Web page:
This spring half term, we bundled our suitcases into the back of the car and drove for two hours to Harwich, in Essex. Our destination was Hook of Holland, where our Stena Line ferry was due to dock at eight o’clock in the morning. Then we’d drive for ten minutes to Strandpark Vlugtenburg, a seaside holiday park we’d booked through HolidayParkSpecials. Easy-peasy.
We sailed on the Hollandica, one of Stena Line’s two superferries that travel between Harwich and Hook of Holland. It’s the largest combined freight and passenger ferry in the world.
Aside from storms, the most common thing that turns a pleasant ferry crossing into a stressful experience is the embarkation. Stena Line’s check-in was an example of the former; there are only two crossings a day, so they can afford to get it right. Their night ferry sailed at 11pm, and you could embark from 8.30pm; we turned up at just past 8.00, and were surprised to see more than a dozen cars already queuing. The people in front of us clearly knew that 8.30 meant 8.30; then, once past the friendly, efficient check-in staff, you could have a leisurely dinner, get the kids to bed at a decent hour, or just chill out in one of the ship’s bars, all before the ferry set sail.
We dined in the Metropolitan, an a-la-carte restaurant. It was a decidedly upmarket place; the 3-course meal was 32 Euros, and you had to buy at least two courses, with varying prices per dish. Despite the genteel ambiance the waiters were friendly towards the kids, and people didn’t seem to mind our tabletop Lego-building session on the voyage home. Over 7s ate for half price, and there was a kids’ meal for under 6s, which cost 9.50 Euros.
The menu was a fusion of European dishes, with some Thai thrown in, as well as a hefty dose of Dutch stodge. The children had already eaten their tea, so for a special suppertime treat we allowed them to choose chocolate-covered Dutch pancakes as a main course (this seems to be common in the Netherlands), with ice cream for pudding. We were popular parents for that meal. There wasn’t a great deal for vegetarians on the menu; only one dish per course, but D said that his Risotto with green peas and asparagus was a cut above the norm.
On the outbound crossing, I chose bresaola-wrapped asparagus, which was lighter than it sounds. The asparagus had just the right amount of crunch and flavour. My main course, cod with bacon, mushrooms, potatoes and red wine sauce, was so hearty I opted for the ‘light’ alternative of ice cream for pudding. Ice cream with vodka-infused strawberries and berry coulis, that is. A most refreshing nightcap.
My favourite dish was the lobster soup, which I ate on the return crossing. Briney, meaty and with a tangy parmesan straw to buffer the dense flavour of the soup.
If you wanted something less sumptuous, there was also a cheaper buffet restaurant, which had more on offer for vegetarians.
Children’s entertainment on board a Stena Line ferry
Stena Line Hollandica’s entertainment theme was Curious George, the children’s TV show; a Curious George menu was on offer in the buffet restaurant, and the show was playing on the TV in the kids’ area.
On our daytime return crossing there were three films shown in the little cinema (one for over-12s, the rest generally suitable). But the on-board entertainer, Addrian, was the highlight for our kids. According to my Dutch writer friend Judith Kingston, he has been working on the line since she was a child. On a recent crossing, while he was entertaining her kids, she told him she used to enjoy his shows when she herself was little. He replied that he hoped he’d be around to make balloon animals for her grandchildren, too.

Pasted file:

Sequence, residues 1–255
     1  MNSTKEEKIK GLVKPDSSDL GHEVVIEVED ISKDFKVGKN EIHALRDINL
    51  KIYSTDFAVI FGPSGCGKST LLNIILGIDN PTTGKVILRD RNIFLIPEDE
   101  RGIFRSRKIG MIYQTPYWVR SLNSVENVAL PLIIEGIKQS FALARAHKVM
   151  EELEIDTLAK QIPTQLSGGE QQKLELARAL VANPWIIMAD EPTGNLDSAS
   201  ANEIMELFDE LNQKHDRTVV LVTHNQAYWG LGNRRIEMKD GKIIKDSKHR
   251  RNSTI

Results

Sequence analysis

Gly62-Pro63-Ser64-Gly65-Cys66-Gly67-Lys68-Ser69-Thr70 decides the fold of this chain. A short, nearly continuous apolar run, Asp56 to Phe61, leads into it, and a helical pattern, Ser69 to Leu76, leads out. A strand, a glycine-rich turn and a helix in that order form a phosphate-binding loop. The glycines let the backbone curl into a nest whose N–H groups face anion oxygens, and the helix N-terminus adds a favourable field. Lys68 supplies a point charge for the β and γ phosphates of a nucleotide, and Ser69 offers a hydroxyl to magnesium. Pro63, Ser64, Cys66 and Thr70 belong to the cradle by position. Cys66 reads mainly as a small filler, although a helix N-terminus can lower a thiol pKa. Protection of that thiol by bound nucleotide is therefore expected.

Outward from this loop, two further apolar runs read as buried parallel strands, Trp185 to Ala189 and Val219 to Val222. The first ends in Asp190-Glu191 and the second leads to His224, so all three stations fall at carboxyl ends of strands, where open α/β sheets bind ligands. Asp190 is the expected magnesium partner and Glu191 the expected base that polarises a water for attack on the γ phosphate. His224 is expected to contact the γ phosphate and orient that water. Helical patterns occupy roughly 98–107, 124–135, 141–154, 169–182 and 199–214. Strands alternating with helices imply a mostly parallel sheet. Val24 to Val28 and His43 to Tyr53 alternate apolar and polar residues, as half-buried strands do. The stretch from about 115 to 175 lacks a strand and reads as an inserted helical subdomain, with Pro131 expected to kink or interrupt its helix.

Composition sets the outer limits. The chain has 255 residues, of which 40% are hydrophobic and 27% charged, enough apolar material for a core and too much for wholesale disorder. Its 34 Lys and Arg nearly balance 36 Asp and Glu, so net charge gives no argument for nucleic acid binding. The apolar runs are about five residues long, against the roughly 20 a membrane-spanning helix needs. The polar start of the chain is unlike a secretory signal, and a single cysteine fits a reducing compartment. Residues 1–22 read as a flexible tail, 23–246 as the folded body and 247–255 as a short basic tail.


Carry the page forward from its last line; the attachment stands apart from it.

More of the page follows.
Addrian’s show lasted around an hour and was a spectacular combination of puppetry, Punch and Judy, magic tricks, and balloon-animal making. And it wasn’t just animals: Addrian concocted aliens, dinosaur hats, balloons with marbles inside, and a sausage dog filled with jelly sweets. Impressive antics, from a man who clearly took pride in his craft.
For older children, there was also a teens’ zone, with video games.
Sleeping in the cabin
If you want to create an exciting buzz at the start of a holiday, tell your kids they’ll be sleeping on a ferry. It was all ours could talk about for weeks before we went away. Despite a slight misgiving about the amount of sleep we’d actually get, the night went well; by the time we had dined, it was late enough for the children to be clamouring for sleep, and the rocking of the ship lulled us all through the night, until we woke to the sound of Bobby McFerrin’s ‘Don’t Worry, Be Happy’ piped gently into the room at 6.30am ship’s time.
We stayed in a standard, outside cabin for four people. It was small but perfectly adequate for a night. I would choose to travel with the children this way again, rather than taking a long daytime journey. Either way it’s tiring; but if you sleep through most of the travel there’s no chance to get bored or crabby.
Here’s a very quick video tour of the cabin:
We were also given a cabin for our return daytime crossing. The crossing is seven hours long and although there were a variety of places to sit on the ferry, with a designated quiet zone, it was nice to be able to retire to our own private family space, chill out with the colouring sheets distributed by Addrian, and bid vaarwel to the Dutch shores from our porthole as we sailed along.
We took a return crossing from Harwich to Hook of Holland courtesy of Stena Line. Stena Line offers twice-daily, day and overnight crossings between Harwich and the Hook of Holland.
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